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Talk Me Into a Wooden Jointer Plane

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Forum topic by jonah posted 329 days ago 1267 views 0 times favorited 20 replies Add to Favorites Watch
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jonah

451 posts in 1923 days


329 days ago

I’ve been spending some time acquiring and rehabbing some old Stanley bench planes lately, and the only thing I’m missing is a Jointer. I’ve seen some decent-but-not-great prices on ebay, so I haven’t pulled the trigger yet. I have also seen some wooden jointer planes there, but I’ve never used a wooden plane before.

Basically, talk me into a (cheaper, I think) wooden jointer plane over a #7 or #8. I understand the wooden ones are much lighter. Any other benefits? Any major drawbacks? Are they harder to tune properly? More finicky?

What should I be looking for in a wooden jointer? For example, is this a good one? http://www.ebay.com/itm/221287013685

Thanks for any help.


20 replies so far

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JustJoe

1554 posts in 663 days


#1 posted 329 days ago

That’s not a wooden jointer plane, it’s a transitional plane – halfway between a woodie and a metal plane. It’s missing some pieces and the far-away shot doesn’t tell you anything about the condition or what faults it’s hiding.

I like the heft of metal, but if you’re looking for a reason to go with wood:
1. If the sole is worn out you can put a new one on.
2. If it’s too long for that spot on the shelf you can cut a couple inches off either end.
3. yea, that’s all I got. Like I said, I prefer metal.

Edit: Tuning means flat sole and tap the iron into just the right position and tightening the wedge. That’s it.

-- This Ad Space For Sale! Your Ad Here! Reach a targeted audience! Affordable Rates, easy financing! Contact an ad represenative today at JustJoe's Advertising Consortium.

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Don W

14824 posts in 1192 days


#2 posted 329 days ago

fellow LJ Rhett sells Nice Ash planes. There are several reviews here. I did one of his first. He’s made some minor modifications since then, but they were and are a well made wood bodied plane.

You can also make your own. There is even still time to join the Plane swap.

Like Joe mentioned, the one you linked to is a transitional. I find the transitionals a little finicky.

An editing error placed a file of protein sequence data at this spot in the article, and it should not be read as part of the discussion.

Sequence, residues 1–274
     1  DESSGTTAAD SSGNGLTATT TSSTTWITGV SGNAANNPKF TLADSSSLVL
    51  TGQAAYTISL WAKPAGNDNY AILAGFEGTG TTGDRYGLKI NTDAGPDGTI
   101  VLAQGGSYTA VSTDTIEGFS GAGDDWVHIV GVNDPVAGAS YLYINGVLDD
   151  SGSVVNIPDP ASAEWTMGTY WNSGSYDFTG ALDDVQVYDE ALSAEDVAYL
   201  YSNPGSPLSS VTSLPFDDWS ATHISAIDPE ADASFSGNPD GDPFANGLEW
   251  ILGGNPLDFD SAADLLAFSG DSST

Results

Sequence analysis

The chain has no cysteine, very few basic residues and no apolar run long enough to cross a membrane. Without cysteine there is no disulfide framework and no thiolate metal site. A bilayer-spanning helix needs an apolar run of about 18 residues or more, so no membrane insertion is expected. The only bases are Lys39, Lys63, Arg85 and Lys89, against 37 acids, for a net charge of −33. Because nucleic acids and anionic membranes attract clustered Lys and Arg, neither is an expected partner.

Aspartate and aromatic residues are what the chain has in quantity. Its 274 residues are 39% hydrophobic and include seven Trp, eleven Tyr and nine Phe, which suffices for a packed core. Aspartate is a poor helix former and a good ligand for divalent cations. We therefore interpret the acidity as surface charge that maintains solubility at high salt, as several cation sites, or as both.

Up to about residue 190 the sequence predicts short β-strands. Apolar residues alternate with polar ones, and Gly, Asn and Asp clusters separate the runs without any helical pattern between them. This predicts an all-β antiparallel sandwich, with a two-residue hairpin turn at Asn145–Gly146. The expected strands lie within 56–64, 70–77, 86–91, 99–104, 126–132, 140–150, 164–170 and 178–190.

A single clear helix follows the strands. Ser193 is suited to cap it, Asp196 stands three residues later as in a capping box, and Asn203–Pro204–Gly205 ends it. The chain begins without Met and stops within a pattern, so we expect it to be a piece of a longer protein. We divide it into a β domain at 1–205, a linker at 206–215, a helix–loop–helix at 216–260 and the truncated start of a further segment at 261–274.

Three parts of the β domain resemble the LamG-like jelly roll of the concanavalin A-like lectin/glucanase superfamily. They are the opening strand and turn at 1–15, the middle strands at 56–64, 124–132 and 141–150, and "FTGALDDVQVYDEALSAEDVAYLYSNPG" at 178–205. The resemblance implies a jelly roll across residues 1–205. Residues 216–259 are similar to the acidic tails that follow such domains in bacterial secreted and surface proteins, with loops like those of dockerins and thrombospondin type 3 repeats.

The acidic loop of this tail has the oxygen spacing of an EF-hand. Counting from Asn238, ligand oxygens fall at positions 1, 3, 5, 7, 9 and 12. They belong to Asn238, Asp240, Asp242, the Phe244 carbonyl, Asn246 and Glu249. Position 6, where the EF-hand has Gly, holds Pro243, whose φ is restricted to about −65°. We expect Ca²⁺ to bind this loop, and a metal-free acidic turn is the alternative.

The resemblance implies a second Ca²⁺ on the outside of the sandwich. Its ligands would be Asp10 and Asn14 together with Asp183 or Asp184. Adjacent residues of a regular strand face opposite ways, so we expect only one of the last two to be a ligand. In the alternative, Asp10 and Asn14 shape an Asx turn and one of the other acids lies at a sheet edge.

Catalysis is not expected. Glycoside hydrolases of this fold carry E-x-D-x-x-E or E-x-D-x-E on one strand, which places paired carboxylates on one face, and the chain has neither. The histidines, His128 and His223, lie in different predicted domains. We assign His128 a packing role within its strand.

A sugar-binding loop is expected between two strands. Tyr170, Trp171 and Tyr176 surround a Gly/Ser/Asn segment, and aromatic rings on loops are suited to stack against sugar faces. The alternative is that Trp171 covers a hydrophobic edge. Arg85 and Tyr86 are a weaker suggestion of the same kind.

A few shop made jointers to ponder over
Click for details

http://lumberjocks.com/Mosquito/blog/37231

-- Master hand plane hoarder. - http://timetestedtools.com

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Mosquito

4591 posts in 917 days


#3 posted 329 days ago

I wasn’t sure if I’d like a wooden jointer either. Then I got one from my grandfather, and it was a joy to use. Decided to make my own (Don linked to it above) and it’s great. I love using it. I made shavings for about an hour and a half when I finished the plane, for no reason more than because I enjoyed it lol

-- Mos - Twin Cities, MN -- Stanley #45 Evangelist - www.youtube.com/MosquitoMods

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12strings

392 posts in 1009 days


#4 posted 328 days ago

Advantages of a wooden Jointer:
-easier to flatten the bottom than a metal plane, in fact over-all quicker tune-up compared to sanding and filing a bunch of metal.
-feels nice
-looks better
-less expensive

Disadvantages
-more difficult to adjust the depth of cut, until you practice a bit… (This is the biggest disadvantage, in my opinion…)
-The easier to flatten sole also means it will wear faster, and need flattening more often.

-- I'm strictly hand-tool only...unless the power tool is faster and easier!

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JayT

2169 posts in 835 days


#5 posted 328 days ago

Nothing wrong with wooden planes, but I will throw a couple things to think about out there.

If all your other planes are metal and your bench is set at a good height for using them, then a wooden plane could throw you off a bit. Since the body of the plane is much thicker, it effectively raises your working height by that amount.

Is that a deal breaker? Not for me, but someone with back problems, for instance, might notice the difference and prefer to stick with all similar bodied planes.

Second thing is adjustments. A transitional will adjust much like your metal bodied planes, but if you go for a true woodie, such as Don’s or Mos’, then you will need to learn to make all adjustments with a mallet. Again not that hard to do or learn, but something to think about.

-- "The American Republic will endure until the day Congress discovers that it can bribe the public with the public's money." Alexis de Tocqueville, 1835

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jonah